Welsh exports of red meat and dairy products are at risk after Brexit because bovine TB in Wales’ national cattle herd is at a level unacceptable to future trading partners, warn farm leaders.
In the year to April 2019, 12,000 cattle were slaughtered in Wales due to bovine TB – a 19% rise on the previous 12 months.
In a week when Wales’ agriculture minister, Lesley Griffiths, has again ruled out a large-scale cull of badgers as part of her TB strategy, farm leaders gathering for the four-day Royal Welsh Show (22-25 July) warned that radical steps were needed or future trade was at risk.
Speaking at the showground on Sunday (21 July), Dr Hazel Wright, policy officer at the Farmers’ Union of Wales (FUW), said that as a country trading with the EU after Brexit, the level of TB in the Welsh herd would need to be 0.1% for six consecutive years.
In Wales, even areas officially classified as having a low level of TB have an incidence of 5%, she pointed out.
According to FUW managing director Alan Davies, that disease level has the potential to put all red meat and dairy trade with Europe at risk after Brexit.
“In a no-deal situation, negotiations are likely to be more hard-nosed,” he said.
NZ possum cull
New Zealand had faced a similar challenge and had to “fix TB” – in its case with a mass cull of possums – before it could form trading alliances with European countries, he added.
But Wales’ chief veterinary officer, Christianne Glossop, said the FUW’s claims about future trade were unfounded.
She insisted that meat from farms in Wales with TB is currently not exported and that would continue to be the case after the UK leaves the European Union.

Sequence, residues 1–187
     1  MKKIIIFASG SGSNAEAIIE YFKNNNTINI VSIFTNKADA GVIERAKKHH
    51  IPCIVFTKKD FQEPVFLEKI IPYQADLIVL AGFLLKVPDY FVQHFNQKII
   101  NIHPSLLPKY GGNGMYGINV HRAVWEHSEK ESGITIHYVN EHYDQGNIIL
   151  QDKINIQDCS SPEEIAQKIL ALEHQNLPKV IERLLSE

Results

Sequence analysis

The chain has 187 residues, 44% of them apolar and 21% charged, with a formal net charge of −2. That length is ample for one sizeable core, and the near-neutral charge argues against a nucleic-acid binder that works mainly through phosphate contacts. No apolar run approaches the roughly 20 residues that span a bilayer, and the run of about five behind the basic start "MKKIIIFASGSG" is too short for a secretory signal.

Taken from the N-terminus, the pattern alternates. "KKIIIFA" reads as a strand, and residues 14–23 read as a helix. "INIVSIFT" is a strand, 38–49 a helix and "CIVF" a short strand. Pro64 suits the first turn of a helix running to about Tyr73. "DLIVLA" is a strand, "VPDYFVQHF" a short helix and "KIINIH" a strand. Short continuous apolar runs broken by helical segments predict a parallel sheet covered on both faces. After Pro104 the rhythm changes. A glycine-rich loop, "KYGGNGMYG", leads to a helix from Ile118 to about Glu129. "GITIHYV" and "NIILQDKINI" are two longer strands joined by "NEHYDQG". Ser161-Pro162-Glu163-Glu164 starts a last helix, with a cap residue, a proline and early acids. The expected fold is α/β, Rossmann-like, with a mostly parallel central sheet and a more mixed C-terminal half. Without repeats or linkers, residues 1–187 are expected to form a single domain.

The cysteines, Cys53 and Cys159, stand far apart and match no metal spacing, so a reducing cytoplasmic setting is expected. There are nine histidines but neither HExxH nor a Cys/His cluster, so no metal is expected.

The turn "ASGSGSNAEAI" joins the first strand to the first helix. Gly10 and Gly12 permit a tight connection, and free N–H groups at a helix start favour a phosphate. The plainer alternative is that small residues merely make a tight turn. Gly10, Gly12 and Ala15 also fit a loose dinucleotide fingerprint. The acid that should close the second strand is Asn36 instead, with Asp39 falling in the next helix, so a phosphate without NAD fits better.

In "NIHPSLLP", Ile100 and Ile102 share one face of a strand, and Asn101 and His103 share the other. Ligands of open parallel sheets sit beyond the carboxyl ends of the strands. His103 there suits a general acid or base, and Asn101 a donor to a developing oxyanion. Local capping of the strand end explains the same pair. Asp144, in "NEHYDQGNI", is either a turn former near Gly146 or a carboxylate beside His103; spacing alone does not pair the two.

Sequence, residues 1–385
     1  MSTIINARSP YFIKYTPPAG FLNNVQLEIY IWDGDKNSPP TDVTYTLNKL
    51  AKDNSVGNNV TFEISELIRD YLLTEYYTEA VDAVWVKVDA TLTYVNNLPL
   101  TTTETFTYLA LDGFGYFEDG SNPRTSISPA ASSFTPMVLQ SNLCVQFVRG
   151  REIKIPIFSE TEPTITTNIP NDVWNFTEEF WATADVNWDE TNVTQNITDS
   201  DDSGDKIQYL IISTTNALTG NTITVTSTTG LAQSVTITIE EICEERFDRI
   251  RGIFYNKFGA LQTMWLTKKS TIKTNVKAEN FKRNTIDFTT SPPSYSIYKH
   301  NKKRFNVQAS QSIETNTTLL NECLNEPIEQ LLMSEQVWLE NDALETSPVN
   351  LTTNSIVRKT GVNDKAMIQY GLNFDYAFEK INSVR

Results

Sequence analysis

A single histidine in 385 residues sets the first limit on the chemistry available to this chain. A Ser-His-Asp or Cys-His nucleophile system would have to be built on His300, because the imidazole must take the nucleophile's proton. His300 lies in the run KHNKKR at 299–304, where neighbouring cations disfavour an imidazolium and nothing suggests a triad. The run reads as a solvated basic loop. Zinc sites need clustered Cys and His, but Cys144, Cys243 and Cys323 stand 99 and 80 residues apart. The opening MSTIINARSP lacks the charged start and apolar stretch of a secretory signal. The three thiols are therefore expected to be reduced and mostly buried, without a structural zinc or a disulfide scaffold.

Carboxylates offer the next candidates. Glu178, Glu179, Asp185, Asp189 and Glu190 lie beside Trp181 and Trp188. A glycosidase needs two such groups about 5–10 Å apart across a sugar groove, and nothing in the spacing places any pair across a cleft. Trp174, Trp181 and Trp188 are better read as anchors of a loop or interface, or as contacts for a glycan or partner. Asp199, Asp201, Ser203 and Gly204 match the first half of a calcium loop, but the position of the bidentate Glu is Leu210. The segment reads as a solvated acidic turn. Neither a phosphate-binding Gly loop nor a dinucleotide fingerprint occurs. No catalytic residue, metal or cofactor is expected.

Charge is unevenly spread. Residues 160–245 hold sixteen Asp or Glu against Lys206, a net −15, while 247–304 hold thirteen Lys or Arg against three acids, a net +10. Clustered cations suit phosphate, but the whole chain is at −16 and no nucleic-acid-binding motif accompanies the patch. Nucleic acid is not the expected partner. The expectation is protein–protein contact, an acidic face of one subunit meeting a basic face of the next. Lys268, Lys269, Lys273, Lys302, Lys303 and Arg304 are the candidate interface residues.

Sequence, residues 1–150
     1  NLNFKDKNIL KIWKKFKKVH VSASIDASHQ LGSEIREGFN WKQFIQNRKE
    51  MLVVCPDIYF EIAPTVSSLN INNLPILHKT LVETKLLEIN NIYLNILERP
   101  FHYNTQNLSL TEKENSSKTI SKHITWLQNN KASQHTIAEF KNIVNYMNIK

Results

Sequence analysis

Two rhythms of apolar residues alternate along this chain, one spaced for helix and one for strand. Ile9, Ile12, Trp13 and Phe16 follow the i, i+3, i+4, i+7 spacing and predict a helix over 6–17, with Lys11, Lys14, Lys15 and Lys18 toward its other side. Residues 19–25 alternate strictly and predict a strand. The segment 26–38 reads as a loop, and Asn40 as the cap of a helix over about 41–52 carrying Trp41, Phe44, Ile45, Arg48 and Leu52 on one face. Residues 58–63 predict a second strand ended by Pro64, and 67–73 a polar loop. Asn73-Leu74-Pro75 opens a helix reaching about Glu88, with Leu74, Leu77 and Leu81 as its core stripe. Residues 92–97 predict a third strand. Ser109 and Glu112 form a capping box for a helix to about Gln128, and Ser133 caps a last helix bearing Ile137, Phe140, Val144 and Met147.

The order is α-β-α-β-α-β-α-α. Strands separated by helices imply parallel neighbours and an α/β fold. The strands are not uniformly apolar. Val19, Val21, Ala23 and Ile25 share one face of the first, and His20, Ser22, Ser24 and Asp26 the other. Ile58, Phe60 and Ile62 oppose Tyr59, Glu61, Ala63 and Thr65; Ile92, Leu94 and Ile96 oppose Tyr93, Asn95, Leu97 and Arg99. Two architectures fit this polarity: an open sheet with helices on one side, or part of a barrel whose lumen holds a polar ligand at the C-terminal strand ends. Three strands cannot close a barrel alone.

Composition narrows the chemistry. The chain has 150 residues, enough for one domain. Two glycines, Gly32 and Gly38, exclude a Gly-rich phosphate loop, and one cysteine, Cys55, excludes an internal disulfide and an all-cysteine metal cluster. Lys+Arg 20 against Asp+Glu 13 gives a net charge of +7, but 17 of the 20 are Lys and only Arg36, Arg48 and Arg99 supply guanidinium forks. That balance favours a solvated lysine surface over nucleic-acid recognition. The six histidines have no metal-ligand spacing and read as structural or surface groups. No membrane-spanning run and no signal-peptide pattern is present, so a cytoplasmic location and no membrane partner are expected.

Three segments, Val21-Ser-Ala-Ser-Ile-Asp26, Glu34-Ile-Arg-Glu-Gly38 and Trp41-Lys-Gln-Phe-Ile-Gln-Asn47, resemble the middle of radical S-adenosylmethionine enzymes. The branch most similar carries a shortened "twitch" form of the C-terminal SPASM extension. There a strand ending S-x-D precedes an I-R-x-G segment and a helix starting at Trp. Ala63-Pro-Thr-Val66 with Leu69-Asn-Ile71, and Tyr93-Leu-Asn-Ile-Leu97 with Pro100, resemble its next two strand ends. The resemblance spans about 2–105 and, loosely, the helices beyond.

Both the FUW and NFU Cymru say the reservoir of infection must be addressed in wildlife before there can be any meaningful progress on TB eradication.
NFU Cymru suggests the eventual trigger could be the cost of the disease to the public purse as the compensation paid for cattle slaughtered continues to rise.
Earlier this year, the minister had conceded that current TB compensation bills were “unsustainable”.
NFU Cymru president John Davies said the latest figures for cattle culls could not be manipulated to suggest that Welsh government TB eradication policies were effective.
“Contrast this to the high-risk areas in England where disease is being addressed in both the cattle and wildlife populations, and we see the vast majority of these counties with falling numbers of cattle slaughtered and fewer herds under restriction,” he said.
“We are disappointed that only last week in plenary, the minister once again ruled out a badger cull as part of a TB strategy for Wales.”